Senators Pass Y2K Suit Limits
Washington Post Staff Writer
Wednesday, June 16, 1999; Page A35
The Senate, defying White House veto threats, approved legislation yesterday that would shield companies from lawsuits in the event of Year 2000 computer failures.
But the 62 to 37 vote fell five short of the two-thirds needed to override a presidential veto. The White House has issued four veto threats, contending that proposed liability limits in the bill would favor industry over consumers and would interfere with state laws.
Despite the veto threats, Sen. John McCain (R-Ariz.), the bill's chief sponsor, and other supporters said they hoped to win White House support during upcoming negotiations to resolve differences with a House bill that passed in May. "We will again work to do what we can to avoid a presidential veto of this very important legislation," McCain said.
Twelve Democrats voted for the bill, including, locally, Sen. Charles S. Robb (Va.). Sen. John W. Warner (R-Va.) also supported the bill, while Maryland Democrats Paul S. Sarbanes and Barbara A. Mikulski voted against it.
"It's a strong vote," said Sen. Christopher J. Dodd (D-Conn.), a bill supporter. "It sends a strong message that we would like to get this bill done."
A coalition of powerful business and high-tech groups helped write versions of the legislation and have lobbied for its passage since January. They contend that high-tech companies need legislative protections to avert a financial catastrophe early next year if computers using two-digit date fields interpret "00" as 1900, not 2000, and malfunction or crash.
But much of the jousting has had little to do with the risks posed by the date-conversion glitch, popularly known as Y2K. Instead, debate has spilled into presidential campaign politics and accusations that "there will be a gold rush on the part of voracious lawyers who see this as an opportunity for litigation," as Dodd put it yesterday.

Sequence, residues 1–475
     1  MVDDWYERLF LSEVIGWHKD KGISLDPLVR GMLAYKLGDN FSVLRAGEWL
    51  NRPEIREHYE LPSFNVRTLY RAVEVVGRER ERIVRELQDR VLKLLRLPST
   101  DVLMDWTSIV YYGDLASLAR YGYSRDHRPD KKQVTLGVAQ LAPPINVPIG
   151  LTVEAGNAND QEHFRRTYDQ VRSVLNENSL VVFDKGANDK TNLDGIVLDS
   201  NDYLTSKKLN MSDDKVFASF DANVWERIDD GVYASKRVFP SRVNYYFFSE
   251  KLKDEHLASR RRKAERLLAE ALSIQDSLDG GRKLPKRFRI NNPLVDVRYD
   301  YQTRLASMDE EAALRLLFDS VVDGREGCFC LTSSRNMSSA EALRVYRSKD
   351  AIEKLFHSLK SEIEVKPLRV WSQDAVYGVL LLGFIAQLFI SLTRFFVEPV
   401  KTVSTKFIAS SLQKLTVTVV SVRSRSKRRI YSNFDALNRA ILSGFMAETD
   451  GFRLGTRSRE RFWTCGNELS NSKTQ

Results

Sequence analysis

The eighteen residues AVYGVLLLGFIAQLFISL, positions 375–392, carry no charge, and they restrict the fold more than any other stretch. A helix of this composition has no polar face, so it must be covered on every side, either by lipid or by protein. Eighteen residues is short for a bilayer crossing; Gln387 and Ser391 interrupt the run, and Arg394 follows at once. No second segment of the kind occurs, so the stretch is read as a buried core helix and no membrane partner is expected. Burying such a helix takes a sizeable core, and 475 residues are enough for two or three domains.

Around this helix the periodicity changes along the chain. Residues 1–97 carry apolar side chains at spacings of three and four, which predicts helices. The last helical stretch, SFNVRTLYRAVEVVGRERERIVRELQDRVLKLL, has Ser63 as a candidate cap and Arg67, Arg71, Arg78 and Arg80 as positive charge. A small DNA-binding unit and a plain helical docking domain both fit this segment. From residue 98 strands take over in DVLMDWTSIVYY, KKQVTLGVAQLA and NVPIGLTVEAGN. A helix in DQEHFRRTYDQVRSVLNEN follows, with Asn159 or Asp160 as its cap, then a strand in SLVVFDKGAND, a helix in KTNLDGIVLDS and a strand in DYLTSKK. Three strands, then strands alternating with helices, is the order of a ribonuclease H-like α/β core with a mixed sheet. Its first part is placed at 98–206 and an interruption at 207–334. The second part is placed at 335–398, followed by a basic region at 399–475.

Some congressional Republicans and business lobbyists have hoped to use the Y2K issue to force Vice President Gore, who is running for president, to choose between two important Democratic constituencies--trial lawyers, who oppose liability limits as anti-consumer, and Silicon Valley companies, which want to avoid class action suits.
GOP leaders also want to improve their standing with the high-tech industry and set the vote for yesterday in a bid to take advantage of Joint Economic Committee hearings this week featuring high-tech executives talking about the importance of the computer in the nation's economy.
The Senate bill approved yesterday would delay the filing of Y2K lawsuits for up to 90 days in order to give computer companies a chance to fix problems. The bill would make it more difficult to bring class action suits and limit punitive damages against small businesses with fewer than 50 employees. To discourage suits against companies with "deep pockets," defendants would be responsible for only their share of the damage.
Industry spokesman said yesterday that now is the time for the White House to enter into congressional negotiations on how to best provide a legal shield for high-tech companies.
"I'm hopeful that President Clinton and Vice President Gore will realize that the best thing they can do is go in and help negotiators . . . and stop issuing veto threats," said Harris Miller, president of the Information Technology Association of America.
Jerry J. Jasinowski, president of the National Association of Manufacturers, said he believed Clinton would sign a Y2K liability bill. "The White House pushed hard to keep several Democrats from coming over. Clearly, the White House made a big push to continue to have leverage in the [negotiating] conference, and it is just a matter of time before they and other Democrats come aboard," he said.
The Association of Trial Lawyers of America, also applauded yesterday's vote, but for different reasons. Mark S. Mandell, ATLA's president, said "we're real pleased" the bill fell short of a veto-proof majority.
"We appreciate the position the White House has taken, because it is a position in support of the rights of the American people," Mandell said. "We hope they maintain that position."
© 1999 The Washington Post Company